CANNAWAY, or CANNABOY, a parish

From A Topographical Dictionary of Ireland, 1837

CANNAWAY, or CANNABOY, a parish, in the barony of EAST MUSKERRY, county of CORK, and province of MUNSTER; containing, with the village and post-town of Killinardrish, 1518 inhabitants. This parish is situated on the south side of the river Lee, and is connected with the parish of Macroom by a noble bridge at Coolcour, and with that of Magourne by the ancient bridge of Carrigadrohid. It contains 5414 statute acres, as applotted under the tithe act, and valued at £4274 per annum. There are about 300 acres of woodland, 100 of bog, and a good deal of rocky waste; the remainder is almost equally divided between pasture and arable land, the latter producing good crops; there are also some dairy farms, the butter from which is sent to Cork market. At Barnateampul is a tract of bog, which supplies the inhabitants with fuel. The river Lee here flows with great rapidity, particularly after heavy rains, when it inundates the adjacent country to a considerable distance. The scenery presents an alternation of rock and meadow, the latter receding into small deep glens covered with wood, which produce a very pleasing effect.

The principal seats are Killinardrish House, the residence of R. Crooke, Esq.; Nettleville Hall, of R. Neville Nettles, Esq.; Llandangan, of S. Penrose, Esq.; Rockbridge Cottage, of Lieut.-Colonel White; Forest, of T, Gollock, Esq.; Oak Grove, of J. Bowen, Esq.; Coolalta, of W. Furlong, Esq.; and an elegant Italian lodge, lately built by R. J. O'Donoghue, Esq. Petty sessions are held at Shandangan every alternate Wednesday.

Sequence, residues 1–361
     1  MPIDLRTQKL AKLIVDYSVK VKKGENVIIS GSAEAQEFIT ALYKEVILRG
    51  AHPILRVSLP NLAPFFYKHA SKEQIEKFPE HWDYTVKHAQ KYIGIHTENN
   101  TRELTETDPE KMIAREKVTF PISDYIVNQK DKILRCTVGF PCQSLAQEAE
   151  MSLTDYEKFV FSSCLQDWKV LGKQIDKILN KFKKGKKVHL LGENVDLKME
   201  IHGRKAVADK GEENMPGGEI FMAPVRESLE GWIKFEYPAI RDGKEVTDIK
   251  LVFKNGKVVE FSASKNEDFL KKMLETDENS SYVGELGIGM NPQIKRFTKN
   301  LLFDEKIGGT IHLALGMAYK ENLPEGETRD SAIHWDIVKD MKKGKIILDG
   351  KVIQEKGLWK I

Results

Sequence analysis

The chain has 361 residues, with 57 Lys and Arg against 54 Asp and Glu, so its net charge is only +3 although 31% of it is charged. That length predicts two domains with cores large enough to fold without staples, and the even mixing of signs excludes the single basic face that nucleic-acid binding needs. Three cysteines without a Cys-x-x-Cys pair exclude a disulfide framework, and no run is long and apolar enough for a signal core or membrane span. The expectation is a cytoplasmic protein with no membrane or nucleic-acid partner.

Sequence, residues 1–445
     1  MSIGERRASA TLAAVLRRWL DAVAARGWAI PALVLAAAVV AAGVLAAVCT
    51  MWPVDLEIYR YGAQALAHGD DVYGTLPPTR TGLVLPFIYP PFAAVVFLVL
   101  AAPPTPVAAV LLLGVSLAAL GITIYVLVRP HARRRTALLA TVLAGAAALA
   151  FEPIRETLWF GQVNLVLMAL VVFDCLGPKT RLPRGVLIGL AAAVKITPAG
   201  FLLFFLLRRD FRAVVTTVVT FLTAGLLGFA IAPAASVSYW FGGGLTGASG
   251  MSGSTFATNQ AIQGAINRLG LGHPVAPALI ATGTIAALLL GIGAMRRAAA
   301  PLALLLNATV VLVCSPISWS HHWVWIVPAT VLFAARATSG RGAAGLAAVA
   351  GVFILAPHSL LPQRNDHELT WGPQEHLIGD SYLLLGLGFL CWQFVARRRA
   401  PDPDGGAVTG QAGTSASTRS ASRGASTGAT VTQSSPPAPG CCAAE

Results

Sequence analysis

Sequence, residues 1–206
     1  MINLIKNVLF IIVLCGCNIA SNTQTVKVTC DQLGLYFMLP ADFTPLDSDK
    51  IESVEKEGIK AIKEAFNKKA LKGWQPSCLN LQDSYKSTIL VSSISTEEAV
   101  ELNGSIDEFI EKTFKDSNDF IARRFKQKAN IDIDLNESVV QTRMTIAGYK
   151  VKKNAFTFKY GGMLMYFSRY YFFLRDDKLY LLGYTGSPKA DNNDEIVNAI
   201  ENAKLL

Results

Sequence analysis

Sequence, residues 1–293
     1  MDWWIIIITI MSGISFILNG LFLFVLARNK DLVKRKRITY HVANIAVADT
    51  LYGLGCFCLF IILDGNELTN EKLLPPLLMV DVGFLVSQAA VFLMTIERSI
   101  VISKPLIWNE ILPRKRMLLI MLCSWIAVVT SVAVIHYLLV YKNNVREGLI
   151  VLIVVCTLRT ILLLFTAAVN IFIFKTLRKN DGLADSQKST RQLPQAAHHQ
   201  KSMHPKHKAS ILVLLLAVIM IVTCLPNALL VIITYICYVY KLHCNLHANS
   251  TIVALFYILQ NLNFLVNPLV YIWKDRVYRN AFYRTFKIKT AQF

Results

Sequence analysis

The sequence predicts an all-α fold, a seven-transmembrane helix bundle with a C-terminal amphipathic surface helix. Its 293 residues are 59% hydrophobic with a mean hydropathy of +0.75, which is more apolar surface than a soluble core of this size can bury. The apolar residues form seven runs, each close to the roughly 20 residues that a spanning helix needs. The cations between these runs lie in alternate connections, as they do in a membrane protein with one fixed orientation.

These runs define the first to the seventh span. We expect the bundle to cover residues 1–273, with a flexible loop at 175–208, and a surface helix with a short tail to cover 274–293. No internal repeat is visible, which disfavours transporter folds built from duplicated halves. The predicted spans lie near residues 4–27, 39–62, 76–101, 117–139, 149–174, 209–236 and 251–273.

The living is a vicarage, in the diocese of Cork, and in the patronage of the Bishop; the rectory is part of the union of Kilcoan and corps of the prebend of Killaspigmullane, in the cathedral church of St. Finbarr, Cork. The tithes amount to £267. 6. 1 ¾., of which £55 is payable to the prebendary, and the remainder to the vicar. The church is a plain building, with a lofty square tower, on a high hill about a mile and a half west of Killinardrish; its erection was aided by a gift of £600 from the late Board of First Fruits, in 1814. There is no glebe-house, but a glebe of about five acres. In the R. C. divisions this parish forms part of the union or district of Kilmurry; there is a neat chapel at Barnateampul. The male and female parochial school is chiefly supported by the vicar, as is also the Sunday school.—See KILLINARDRISH.

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